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Africa's millet super foods hold key to address hunger and climate change

At a special event at the Food and Agriculture Organization (FAO)’s Regional Office for Africa, millets took centre stage and were celebrated for their potential in addressing climate change, boosting nutrition and increasing farmers’ incomes

The ‘Dine on a Mat’ event saw ambassadors, high-commissioners, government ministers, UN and development partners and other high-level guests take part in a dinner of fonio and other millets prepared by chef Fatmata Binta for the International Year of Millets 2023.     

Chef Binta is an advocate for fonio – an ancient African super grain – and for supporting women fonio producers. She won the Basque Culinary World Prize in 2022 for her Dine on a Mat concept which brings together her Fulani cultural heritage and her culinary training.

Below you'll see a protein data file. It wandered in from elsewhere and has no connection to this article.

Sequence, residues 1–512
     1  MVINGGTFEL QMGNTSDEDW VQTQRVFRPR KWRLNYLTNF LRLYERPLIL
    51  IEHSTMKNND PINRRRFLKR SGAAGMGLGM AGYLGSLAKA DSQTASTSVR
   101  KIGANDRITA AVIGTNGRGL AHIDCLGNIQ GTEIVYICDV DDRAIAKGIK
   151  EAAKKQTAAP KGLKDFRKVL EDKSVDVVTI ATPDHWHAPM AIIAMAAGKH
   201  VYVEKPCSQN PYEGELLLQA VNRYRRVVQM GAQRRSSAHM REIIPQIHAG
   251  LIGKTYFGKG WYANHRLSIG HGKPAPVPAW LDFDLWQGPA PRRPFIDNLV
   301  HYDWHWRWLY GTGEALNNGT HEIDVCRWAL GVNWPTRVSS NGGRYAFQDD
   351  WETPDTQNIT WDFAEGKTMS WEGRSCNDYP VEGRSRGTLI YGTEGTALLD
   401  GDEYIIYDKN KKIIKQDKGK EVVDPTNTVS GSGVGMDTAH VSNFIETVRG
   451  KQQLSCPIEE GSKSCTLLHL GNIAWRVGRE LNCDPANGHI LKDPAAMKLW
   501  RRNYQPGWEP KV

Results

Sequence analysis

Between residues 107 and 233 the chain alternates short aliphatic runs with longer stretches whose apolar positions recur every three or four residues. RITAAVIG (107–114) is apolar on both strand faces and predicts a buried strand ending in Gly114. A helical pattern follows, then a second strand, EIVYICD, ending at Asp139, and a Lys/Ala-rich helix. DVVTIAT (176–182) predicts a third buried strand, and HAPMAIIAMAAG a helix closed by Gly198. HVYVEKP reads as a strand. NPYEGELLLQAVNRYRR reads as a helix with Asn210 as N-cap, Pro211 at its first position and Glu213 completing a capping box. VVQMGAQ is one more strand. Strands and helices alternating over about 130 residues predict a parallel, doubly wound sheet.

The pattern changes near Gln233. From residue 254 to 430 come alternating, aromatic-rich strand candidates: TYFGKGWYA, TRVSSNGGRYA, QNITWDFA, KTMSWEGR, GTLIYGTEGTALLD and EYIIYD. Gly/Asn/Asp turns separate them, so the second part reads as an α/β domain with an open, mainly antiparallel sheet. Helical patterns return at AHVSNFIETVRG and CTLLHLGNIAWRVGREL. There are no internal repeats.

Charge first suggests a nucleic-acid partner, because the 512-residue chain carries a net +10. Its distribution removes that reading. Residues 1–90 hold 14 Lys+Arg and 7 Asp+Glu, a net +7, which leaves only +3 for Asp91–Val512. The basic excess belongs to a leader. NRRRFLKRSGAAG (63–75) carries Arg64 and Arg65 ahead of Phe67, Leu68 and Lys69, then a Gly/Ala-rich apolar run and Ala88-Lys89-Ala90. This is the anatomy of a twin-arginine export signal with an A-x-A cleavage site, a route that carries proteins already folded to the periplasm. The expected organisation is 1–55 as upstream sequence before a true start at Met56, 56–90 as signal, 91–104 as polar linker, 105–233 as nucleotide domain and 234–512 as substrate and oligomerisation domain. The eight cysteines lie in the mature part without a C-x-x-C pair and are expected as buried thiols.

“Millets have a lot of potential for agricultural transformation. If we can increase productivity, and add value along the supply chain through processing it will benefit those who are producing, especially a lot of women,” said FAO Assistant Director-General and Regional Representative for Africa Abebe Haile-Gabriel at the event.

“Fonio is very easy to grow, you don’t need to plough the land too much, you can harvest within 8 to 12 weeks and it has so many benefits, so it is something we need to add to our diets,” said chef Binta, who is collaborating with FAO throughout the International Year of Millets. “Right now we are talking a lot about sourcing loca, connecting with farmers, and I think it’s important now to start using ingredients that are underutilized – that’s the way forward,” she said.